• The IAB facilitates effective intergovernmental partnerships.
  • The IAB is a credible voice of the responder community.
  • The IAB is proactive.
  • The IAB shares field operational experiences and practices.

7. Scope of Activities

The IAB will accomplish its mission and fulfill its vision by:

  • Serving as a conduit for direct feedback from responders currently practicing in the field on the front lines of emergency response at all levels of government. The IAB offers an honest, unfiltered, unvarnished view of what responders do, what they need, and how federal programs and policies affect them now and will affect them in the future.
  • Serving as an honest broker that aggregates the diverse views of responders. The Board as a whole is unencumbered by particular professional or agency agendas. The IAB’s goals and objectives are set by consensus of its membership, which is representative of the federal, state, and local emergency response communities. It is therefore broad in scope, and able to voice the perspectives, views, and concerns of responders nationwide without undue influence from the particular interests of any one discipline, organization, or professional association.
  • Convening established experts knowledgeable about emergency preparedness and response issues, particularly related to equipment, including requirements, standards, performance, operability, interoperability, and compatibility. This expertise assists, guides, and informs agencies, associations, and manufacturers seeking to design, develop, test, evaluate, and deploy existing and new equipment and capabilities. It helps organizations that sponsor research and development programs formulate grant guidance and evaluate program effectiveness. It helps response agencies make decisions about equipment by providing insight about performance and operational, training, and maintenance requirements.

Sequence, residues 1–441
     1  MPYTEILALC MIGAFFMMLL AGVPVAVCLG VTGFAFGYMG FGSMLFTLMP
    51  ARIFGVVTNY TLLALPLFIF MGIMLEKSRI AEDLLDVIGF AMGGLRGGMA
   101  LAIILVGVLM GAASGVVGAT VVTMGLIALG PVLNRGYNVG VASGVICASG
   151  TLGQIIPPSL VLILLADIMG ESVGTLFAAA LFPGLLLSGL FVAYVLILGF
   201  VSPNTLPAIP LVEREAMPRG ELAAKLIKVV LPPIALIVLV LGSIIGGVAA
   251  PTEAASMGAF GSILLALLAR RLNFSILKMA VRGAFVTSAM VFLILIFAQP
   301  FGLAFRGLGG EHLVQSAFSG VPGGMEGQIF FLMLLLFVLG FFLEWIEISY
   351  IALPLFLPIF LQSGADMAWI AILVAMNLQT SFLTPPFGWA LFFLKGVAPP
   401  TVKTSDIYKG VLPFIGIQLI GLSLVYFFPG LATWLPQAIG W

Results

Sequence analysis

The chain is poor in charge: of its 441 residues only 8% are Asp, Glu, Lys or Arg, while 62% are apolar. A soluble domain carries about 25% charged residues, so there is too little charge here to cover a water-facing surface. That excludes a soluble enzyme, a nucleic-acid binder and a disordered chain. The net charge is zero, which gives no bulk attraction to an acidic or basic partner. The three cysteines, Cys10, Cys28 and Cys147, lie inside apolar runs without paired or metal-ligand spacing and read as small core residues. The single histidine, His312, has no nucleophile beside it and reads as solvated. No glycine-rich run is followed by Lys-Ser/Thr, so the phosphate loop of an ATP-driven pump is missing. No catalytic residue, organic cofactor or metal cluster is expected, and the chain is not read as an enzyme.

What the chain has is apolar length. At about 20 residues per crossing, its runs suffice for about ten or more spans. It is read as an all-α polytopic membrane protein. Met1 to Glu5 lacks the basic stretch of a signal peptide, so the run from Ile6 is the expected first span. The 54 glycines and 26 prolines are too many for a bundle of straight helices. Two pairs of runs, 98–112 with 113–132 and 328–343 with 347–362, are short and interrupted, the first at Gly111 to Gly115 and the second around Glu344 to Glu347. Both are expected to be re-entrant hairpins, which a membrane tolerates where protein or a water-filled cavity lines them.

• Representing a broad array of professional response disciplines, sectors, and levels of government, explicitly shunning parochialism in favor of a true multidisciplinary perspective. The IAB is also wide-ranging in the size, type, and geographic location of organizations it represents. This enables the diverse array of public safety professionals to come together as a unified and integrated emergency preparedness and response system.
  • Creating a forum that brings diverse agencies and perspectives together. This enhances cooperation, reduces redundancy, resolves conflicts, and thus improves the safety, efficiency, and effectiveness of programs. The IAB is a nexus of disciplines and agencies that allows people to talk to each other and work together to solve problems. This culture of professional openness allows the group to develop viable solutions to equipment standardization and training challenges because all relevant players interact freely, honestly, and without fear of retribution.
  • Being proactive. The IAB identifies local, national, and global trends that affect the response community, in order to understand the implications of policy and operational choices. This allows the IAB to help the field adapt early to emerging trends, address looming threats, and take advantage of promising opportunities.

8. Organization Structure

The IAB is comprised of members that may include federal officials or elected officers of State, local, and tribal governments (or their designated employees with authority to act on their behalf), acting in their official capacities. Each IAB member participates as an affiliate of their home organization and their involvement must be formally sanctioned by that organization. At the same time, members also bring their expertise in their respective fields to bear on the work of the IAB, and members therefore also offer perspective and expert insight from their disciplines and specialties. Members are appointed and serve as described in the IAB’s By-Laws. Members must be willing and able to actively participate and contribute regularly to the work products of the IAB. Members are expected to respond to requests for information and assistance from the IAB leadership. Members must maintain current field and disciplinary knowledge and expertise.